CARSON CITY — Nevada voters might have legalized recreational marijuana Tuesday. But even if they did, that doesn’t mean adult consumers will be able to walk into a pot shop to buy weed on Jan. 1, when the law would take effect.
There is still a hazy path to navigate, and it could take months for lawmakers and state officials to set up a regulatory structure to fully implement it.
Question 2 on the ballot would allow adults 21 and older to possess up to an ounce of marijuana or up to one-eighth of an ounce of cannabis concentrate. That part would become law in January.
But lots of details would still need to be worked out before it is sold in stores. Those debates would come in the 2017 Legislature when it convenes in February and in regulatory hearings that would follow.
“The law has some specific requirements but lots of vague areas,” acknowledged state Sen. Tick Segerblom, a Las Vegas Democrat and proponent of the measure.
Under the measure, the Department of Taxation would have a year — until Jan. 1, 2018 — to adopt regulations implementing the law.
Those regulations must address such things as licensing procedures and qualifications, requirements for security measures, product testing, packaging, recording keeping and tax collections.
But it will be up to state lawmakers to provide guidance through legislation on what those standards should be.
“There is going to be a lot of legislation,” said Pat Hickey, a former Republican assemblyman from Reno who is helping to lead the campaign against Question 2.
He said laws will be needed to regulate marijuana potency, packaging, labeling and advertising — details not addressed in the initiative itself.
“It will definitely have an impact on the next legislative session should it pass,” Hickey said.
Once regulations are enacted by the department, only people holding existing certificates to operate a medical marijuana facility could apply for a recreational pot license for the first 18 months. Likewise, only licensed liquor wholesalers would be able to get a marijuana distributor license during that time period unless the department determines more are needed than are available.
Nevada voters approved medicinal marijuana in 2000, but it was 13 years before lawmakers passed legislation authorizing retail sales. It took more than a year after that for regulations to be adopted. Nevada’s first medical marijuana dispensary opened just last year.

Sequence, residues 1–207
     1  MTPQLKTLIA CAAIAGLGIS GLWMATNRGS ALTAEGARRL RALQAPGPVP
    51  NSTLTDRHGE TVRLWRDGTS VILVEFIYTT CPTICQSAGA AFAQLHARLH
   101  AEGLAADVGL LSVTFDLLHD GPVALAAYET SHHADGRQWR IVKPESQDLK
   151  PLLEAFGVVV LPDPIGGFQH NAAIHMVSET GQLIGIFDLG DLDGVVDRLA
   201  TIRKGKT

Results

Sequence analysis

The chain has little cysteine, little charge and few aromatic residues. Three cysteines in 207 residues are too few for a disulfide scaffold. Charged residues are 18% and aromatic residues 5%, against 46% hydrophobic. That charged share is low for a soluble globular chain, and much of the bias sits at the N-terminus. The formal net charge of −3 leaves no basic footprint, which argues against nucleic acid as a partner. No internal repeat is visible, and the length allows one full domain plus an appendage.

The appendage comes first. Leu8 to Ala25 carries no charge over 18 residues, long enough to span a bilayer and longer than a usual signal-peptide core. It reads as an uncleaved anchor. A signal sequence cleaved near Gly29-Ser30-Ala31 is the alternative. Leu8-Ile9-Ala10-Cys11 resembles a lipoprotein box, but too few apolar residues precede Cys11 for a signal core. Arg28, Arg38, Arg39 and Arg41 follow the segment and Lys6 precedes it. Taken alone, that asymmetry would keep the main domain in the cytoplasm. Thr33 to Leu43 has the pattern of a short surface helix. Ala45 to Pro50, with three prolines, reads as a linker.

Medical marijuana is regulated by the Division of Public and Behavioral Health. Oversight of recreational pot would fall to the Department of Taxation.
Segerblom said he’d like to use the model created by the health division and move all marijuana regulatory duties to taxation “so you don’t have to reinvent the wheel.”
Hickey questions such a move.
“I think a question to be asked is: How well-equipped is the Department of Taxation, really, to administer and implement this law should it pass?” he said.
He pointed to the new commerce tax and the time it took the agency to adopt regulations and tax forms that some businesses complain are confusing and difficult to understand.
“It’s taken them 14 months and it’s still a big, fat mess,” Hickey said. “Businesses are still trying to figure it out.”
Different rates for different pot
A 2 percent excise tax is imposed on medical marijuana at every stage when it is sold, from a cultivation facility to a production facility, a production facility to a dispensary and a dispensary to a consumer.
Recreational pot would be taxed at 15 percent of the wholesale price when sold by a grower.
Segerblom said those differences could be easily accounted for because all marijuana products have bar codes. A medical marijuana dispensary licensed to sell recreational pot “could divide the store,” with one part offering pot for medicinal purposes and the other selling pot for fun.
While Nevada’s medical marijuana law gave local governments authority to prohibit medicinal pot shops within their jurisdictions, there is disagreement on whether the same would be true for sales of recreational pot.
Segerblom says it does. He points to language that says the initiative does not prohibit “a locality from adopting and enforcing local marijuana control measures pertaining to zoning and land use for marijuana establishments.”
“The reality is through zoning and other things, they can just say we don’t want to do it,” Segerblom said.
But Hickey says that language is fuzzy.
“There is not clear opt-out language,” Hickey said. He fears that if the initiative becomes law and recreational pot sales become legal, any local efforts to ban them would face court challenges and could result in unwelcome rulings.
Contact Sandra Chereb at email@example.com. Follow @SandraChereb on Twitter.